TTHE MORMONS. -- A passenger in the Lake of the Woods, from Upper Missouri, informs us that the Mormons are in a flourishing condition, in their new location on the fine lands of the Pottawotomie purchase, on both sides of the river, above Council Bluffs. They have planted immense fields of corn -- to the extent, it is estimated, of 30,000 acres -- and other grain, and produce. They have built, also, a town, called "Winter Quarters," which already contains a population of some seven thousand souls. This town is entirely picketed in. It is represented, that the Mormons are on friendly terms with the Indians, and rarely molest them, although they are accused of occasionally stealing cattle.
Vol. XIII. Painesville, Ohio, October 6, 1847. No. ?
The Mormons are said to be in a flourishing condition in their new location on the fine lands of the Pottawattamie Purchase, above Council Bluffs. They have planted immense fields of corn -- to the extent, it is estimated, of 30,000 acres -- and other grain, and produce. They have built a town called "Winter Quarters," which already contains a population of more than 7,000 souls. -- This town is entirely picketed in.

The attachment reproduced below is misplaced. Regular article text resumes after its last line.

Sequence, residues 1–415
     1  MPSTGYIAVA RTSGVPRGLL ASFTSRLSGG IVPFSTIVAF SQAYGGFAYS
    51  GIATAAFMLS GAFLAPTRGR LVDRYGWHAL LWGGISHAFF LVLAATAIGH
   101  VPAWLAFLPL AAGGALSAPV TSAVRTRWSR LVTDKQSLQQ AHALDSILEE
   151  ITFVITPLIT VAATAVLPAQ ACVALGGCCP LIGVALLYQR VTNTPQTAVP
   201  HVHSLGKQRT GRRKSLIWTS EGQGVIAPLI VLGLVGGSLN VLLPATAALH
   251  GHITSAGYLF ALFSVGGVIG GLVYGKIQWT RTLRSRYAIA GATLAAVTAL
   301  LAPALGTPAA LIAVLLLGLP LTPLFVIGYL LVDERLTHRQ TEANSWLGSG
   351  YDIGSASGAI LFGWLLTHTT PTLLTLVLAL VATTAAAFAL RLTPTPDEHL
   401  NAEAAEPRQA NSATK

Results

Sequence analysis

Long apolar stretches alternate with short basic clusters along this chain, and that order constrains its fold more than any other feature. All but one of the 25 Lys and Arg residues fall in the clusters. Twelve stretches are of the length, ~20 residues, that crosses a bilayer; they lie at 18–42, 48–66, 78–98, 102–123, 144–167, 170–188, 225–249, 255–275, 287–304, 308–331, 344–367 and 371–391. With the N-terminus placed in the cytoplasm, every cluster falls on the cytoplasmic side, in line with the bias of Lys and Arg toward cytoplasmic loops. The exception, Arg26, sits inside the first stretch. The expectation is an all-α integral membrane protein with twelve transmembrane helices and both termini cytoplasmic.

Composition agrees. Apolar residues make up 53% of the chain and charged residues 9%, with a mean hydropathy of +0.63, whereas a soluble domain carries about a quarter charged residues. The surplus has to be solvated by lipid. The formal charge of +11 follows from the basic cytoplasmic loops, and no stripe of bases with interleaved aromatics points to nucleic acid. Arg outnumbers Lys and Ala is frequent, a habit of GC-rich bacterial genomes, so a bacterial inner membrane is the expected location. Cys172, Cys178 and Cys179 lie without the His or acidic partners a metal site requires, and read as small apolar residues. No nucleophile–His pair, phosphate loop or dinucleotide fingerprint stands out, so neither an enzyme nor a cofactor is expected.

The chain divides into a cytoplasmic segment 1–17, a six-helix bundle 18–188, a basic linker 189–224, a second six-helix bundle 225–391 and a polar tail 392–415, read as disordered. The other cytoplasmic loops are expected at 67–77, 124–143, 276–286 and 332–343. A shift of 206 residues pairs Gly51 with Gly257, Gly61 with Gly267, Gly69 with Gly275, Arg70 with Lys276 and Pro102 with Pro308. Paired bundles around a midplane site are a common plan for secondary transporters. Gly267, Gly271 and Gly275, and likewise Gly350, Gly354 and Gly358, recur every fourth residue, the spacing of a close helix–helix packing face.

Vol. XIII. Painesville, Ohio, December 22, 1847. No. ?
THE MORMON COLONY
Whatever has reference to the movements of this strange and infatuated people seems to be sought for with curiosity, at least if from no better motive. Driven from the home which they had selected in Illinois, they have been wandering in several directions, but the heads of the church have turned their faces towards California, seeking there some immunity from the persecution which attended their career in the United States; but even there, we fear, there is no good will towards them. In California, certainly, they are already looked upon with suspicion, and this suspicion may soon take the shape of bitter persecution, if those who oppose them should obtain the mastery in that country. But our purpose now, is to give information of the progress of the colony which is to be located at the "Great Salt Lake City."
Vol. XIV. Painesville, Ohio, March 1, 1848. No. ?
THE LATEST INTELLIGENCE. -- The New York Sun, which Prentice says seems to be in league with all the revolutions and blood-thirsty enterprises of the present day, has the following:
Vol. XIV. Painesville, Ohio, August 9, 1848. No. ?
A Mormon Settlement has been made in Texas, leading to the erection already of several saw mills and houses, and the cultivation of some 5000 acres of land.
Vol. XIV. Painesville, Ohio, October 11, 1848. No. ?